The Leadership Conference of Women Religious has been charged by Cardinal Mueller, prefect of the Congregation for the Doctrine of the Faith, with failing to submit to oversight from the Vatican about how they should go about organizing their annual conferences. The real issues at stake are much deeper and go to the heart of what Christian theology is and who gets to do it. On Mother’s Day, I want to reflect on the women who have raised their voices and offered their lives as witness to the living God.
Mueller’s remarks are from an April 30 meeting at the Vatican that included leaders of the LCWR and members of the CDF. Mueller expresses particular concern about the LCWR’s choice of speakers (this year, Fordham theologian Elizabeth Johnson will give the keynote address) and the attention given to the concept of Conscious Evolution discussed by Barbara Marx Hubbard, a previous keynote speaker. Mueller claims that the “fundamental theses of Conscious Evolution are opposed to Christian Revelation and, when taken unreflectively, lead almost necessarily to fundamental errors regarding the omnipotence of God, the Incarnation of Christ, the reality of Original Sin, the necessity of salvation and the definitive nature of the salvific action of Christ in the Paschal Mystery.” He says that it “saddens” him to know that “a theologian criticized by the Bishops of the United States because of the gravity of the doctrinal errors in that theologian’s writings” is to be given the conference’s leadership award.
German theologian Walter Kasper tried to downplay Mueller’s critique, saying that he, along with many other theologians in the history of the church, has been criticized, so Johnson “is in good company.” He expressed hope for ongoing dialogue:
“If you have a problem with the leadership of the women’s orders, then you have to have a discussion with them, you have to dialogue with them, an exchange of ideas,” he said. “Perhaps they have to change something. Perhaps also the Congregation (for the Doctrine of the Faith) has a little bit to change its mind. That’s the normal way of doing things in the church. I am for dialogue. Dialogue presupposes different positions. The church is not a monolithic unity.”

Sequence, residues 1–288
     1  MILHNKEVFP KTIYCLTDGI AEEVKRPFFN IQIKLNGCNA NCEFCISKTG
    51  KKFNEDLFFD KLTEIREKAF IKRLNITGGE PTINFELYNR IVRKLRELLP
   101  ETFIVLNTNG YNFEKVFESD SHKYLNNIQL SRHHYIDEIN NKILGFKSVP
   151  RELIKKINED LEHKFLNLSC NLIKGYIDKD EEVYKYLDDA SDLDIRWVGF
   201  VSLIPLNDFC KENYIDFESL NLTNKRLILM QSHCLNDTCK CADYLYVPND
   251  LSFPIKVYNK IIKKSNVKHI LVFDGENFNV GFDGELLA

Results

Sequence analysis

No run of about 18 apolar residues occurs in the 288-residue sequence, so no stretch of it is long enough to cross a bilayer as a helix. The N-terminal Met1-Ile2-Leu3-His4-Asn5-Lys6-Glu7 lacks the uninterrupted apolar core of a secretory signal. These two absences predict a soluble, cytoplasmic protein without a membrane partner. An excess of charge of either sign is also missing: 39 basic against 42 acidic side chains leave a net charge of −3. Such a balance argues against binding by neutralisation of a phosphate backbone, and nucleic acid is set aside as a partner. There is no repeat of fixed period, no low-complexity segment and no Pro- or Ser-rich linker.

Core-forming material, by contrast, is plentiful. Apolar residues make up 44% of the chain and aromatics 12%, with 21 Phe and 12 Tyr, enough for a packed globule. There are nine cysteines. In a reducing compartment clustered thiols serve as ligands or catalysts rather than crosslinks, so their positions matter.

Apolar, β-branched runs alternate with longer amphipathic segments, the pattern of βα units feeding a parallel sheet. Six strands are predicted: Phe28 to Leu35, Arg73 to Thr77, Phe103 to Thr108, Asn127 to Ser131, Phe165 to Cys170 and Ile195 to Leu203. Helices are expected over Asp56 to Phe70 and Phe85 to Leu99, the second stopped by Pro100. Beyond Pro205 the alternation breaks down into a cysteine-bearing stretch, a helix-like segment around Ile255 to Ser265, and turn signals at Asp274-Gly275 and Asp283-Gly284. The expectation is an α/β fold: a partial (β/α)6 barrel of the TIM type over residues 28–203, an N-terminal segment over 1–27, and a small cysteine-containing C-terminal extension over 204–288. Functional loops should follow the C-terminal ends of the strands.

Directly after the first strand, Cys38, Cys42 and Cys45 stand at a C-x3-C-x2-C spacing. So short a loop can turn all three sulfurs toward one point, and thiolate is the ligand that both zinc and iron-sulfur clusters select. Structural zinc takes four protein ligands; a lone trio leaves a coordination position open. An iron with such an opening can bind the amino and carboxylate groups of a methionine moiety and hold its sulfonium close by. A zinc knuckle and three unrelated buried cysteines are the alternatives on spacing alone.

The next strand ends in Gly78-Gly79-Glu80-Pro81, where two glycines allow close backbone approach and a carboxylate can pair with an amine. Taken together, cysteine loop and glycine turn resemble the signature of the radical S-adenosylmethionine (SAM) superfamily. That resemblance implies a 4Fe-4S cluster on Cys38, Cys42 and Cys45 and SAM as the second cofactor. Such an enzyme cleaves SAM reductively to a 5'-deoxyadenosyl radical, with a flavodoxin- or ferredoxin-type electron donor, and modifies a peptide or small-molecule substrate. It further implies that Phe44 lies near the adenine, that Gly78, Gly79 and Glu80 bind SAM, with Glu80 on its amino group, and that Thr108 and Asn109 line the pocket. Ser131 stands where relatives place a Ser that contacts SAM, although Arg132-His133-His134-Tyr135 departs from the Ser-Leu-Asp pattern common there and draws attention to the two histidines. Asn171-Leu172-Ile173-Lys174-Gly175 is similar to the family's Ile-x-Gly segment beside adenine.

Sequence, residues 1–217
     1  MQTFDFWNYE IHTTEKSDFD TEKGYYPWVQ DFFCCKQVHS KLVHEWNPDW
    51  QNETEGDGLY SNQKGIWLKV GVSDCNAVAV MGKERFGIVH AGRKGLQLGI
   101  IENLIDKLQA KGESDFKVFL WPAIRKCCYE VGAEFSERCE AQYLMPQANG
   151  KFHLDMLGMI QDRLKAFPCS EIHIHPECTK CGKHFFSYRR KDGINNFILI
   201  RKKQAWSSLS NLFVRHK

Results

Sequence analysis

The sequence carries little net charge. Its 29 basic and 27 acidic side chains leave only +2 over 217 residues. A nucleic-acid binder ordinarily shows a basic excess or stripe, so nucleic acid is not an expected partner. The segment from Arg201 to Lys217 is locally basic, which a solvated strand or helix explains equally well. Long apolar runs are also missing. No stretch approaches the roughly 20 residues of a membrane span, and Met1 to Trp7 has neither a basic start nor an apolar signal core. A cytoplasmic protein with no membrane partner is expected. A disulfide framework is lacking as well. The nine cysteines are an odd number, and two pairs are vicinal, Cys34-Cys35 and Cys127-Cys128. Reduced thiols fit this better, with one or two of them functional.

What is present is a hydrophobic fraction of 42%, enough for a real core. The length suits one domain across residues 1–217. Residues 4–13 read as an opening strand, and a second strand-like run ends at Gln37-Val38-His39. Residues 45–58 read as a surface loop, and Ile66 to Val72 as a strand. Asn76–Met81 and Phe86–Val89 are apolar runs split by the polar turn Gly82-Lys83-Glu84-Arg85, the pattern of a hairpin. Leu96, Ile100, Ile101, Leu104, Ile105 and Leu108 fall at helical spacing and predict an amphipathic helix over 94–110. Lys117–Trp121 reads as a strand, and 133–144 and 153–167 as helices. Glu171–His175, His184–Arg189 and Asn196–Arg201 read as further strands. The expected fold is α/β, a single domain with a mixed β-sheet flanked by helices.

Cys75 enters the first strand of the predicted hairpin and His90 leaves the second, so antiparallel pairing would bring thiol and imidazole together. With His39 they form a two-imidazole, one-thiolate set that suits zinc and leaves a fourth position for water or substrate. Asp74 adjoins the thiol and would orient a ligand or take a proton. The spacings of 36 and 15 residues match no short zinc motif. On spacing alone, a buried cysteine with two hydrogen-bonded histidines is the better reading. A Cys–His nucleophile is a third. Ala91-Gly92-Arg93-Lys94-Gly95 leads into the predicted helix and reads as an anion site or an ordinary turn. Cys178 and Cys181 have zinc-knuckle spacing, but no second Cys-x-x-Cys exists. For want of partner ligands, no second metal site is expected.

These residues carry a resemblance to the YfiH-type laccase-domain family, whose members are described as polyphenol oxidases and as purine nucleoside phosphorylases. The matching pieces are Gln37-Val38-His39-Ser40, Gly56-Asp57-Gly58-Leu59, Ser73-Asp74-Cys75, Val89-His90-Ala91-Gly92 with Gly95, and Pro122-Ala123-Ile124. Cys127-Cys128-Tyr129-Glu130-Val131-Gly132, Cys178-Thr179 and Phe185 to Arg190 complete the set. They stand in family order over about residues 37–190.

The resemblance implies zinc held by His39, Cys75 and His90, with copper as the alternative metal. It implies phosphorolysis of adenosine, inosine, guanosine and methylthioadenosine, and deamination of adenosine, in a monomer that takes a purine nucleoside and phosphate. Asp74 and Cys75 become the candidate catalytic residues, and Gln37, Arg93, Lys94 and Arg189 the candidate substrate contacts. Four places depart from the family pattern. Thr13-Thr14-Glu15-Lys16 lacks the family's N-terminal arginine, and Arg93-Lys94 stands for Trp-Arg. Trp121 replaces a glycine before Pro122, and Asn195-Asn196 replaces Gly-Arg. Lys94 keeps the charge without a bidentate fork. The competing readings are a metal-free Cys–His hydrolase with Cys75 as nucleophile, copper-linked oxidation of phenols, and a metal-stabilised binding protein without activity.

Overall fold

But of course, dialogue is difficult when one side has ultimate authority over the other. Emily Baxter at ThinkProgress.org, writes:
. . . the sisters of the LCWR are — whether they call themselves feminist or not, prophetic or not, radical or not — the voice of women struggling for respect and some mote of equality within (arguably) the oldest patriarchal institution in the world. Unlike Cardinal Kasper, they’ve been told that the recognition of their organization and way of life could depend on toeing the line.
The sisters of the LCWR are not theologians, but they are doing theology, and they are doing it prophetically. The average age in the group is “between 73 and 74.” At the time when most of them would have been discerning their vocations, theology was not really open to women. There were a few exceptions (Elizabeth Johnson, Margaret Farley, Anne Patrick, Elizabeth Schussler Fiorenza, Rosemary Radford Ruether), but the vast majority of theologians were celibate men. And yet, in lives devoted to Christian faith, community, and service, these women developed ways of looking at the world theologically. The popularity they now enjoy has everything to do with the fact that laypeople see their commitment and the way they look at everything they do with a Christological lens. Most cannot imagine that these women are simply “in error.”
Instead, many find women’s perspectives on theology to be life-giving. In an article about “What Women Theologians Have Done for the Church,” Heather Grennan Gary quotes Notre Dame professor Kathleen Sprows Cummings, who tells about a friend’s reaction to a lecture by Elizabeth Johnson:
“I always had a problem with Mary and I didn’t know what it was,” she told Cummings, referring to the obedient, virginal, domestic lady in blue that had been her image of Mary until that night. Johnson shattered that image, and replaced it with the image of a spirited, scandalous, prophetic, poor, liberated, and joyful refugee: “This is a Mary I can live with.”
Toward the end of the questioning, Boston’s Cardinal Bernard Law slammed shut his binder of Johnson’s writings and scoffed, “You mostly teach Christology. You’re not going to do anymore of this feminist stuff.” He pushed the files away.
Beautifully said! I would add also our foremothers–from Mary Magdalene to Teresa of Avila to Catherine LaCugna, and colleagues and mentors who’ve helped us along, those you’ve named and all the others too numerous to list. Here at JST-SCU, Sandra Schneiders and Mary Ann Donovan have created a powerful legacy…
Many of my favourite mentors, theologians and theology professors have been women. When I was a seminarian in Canada, we were always encouraged to engage with people who might offer a different view of theology from various perspectives. In Canada where I went to school and later at Saint Mary’s in Winona, dialogue was the norm. Rome needs to understand that honest dialogue is freeing and uplifting. Thanks for the article.
Thank you, Julie. I am grateful to so many women mentors over the years. Sisters of Loretto were wonderful teachers during my elementary and high school years. Women like Dorothy Day and Rosemary Haughton have challenged me and deepened faith. Annie Dillard, Mary Karr, Marie Ponsot, and Alice McDermott are my kind of theologian. And my litany of praise and thanksgiving would include outsiders like Simone Weil, A. G. Mojtabai, Katharine Butler Hathaway, and Emily Dickinson.
Thanks Julie–we are grateful for our daughters too! You make our lifetimes of reading, writing, praying, teaching, learning and hoping worthwhile. Lisa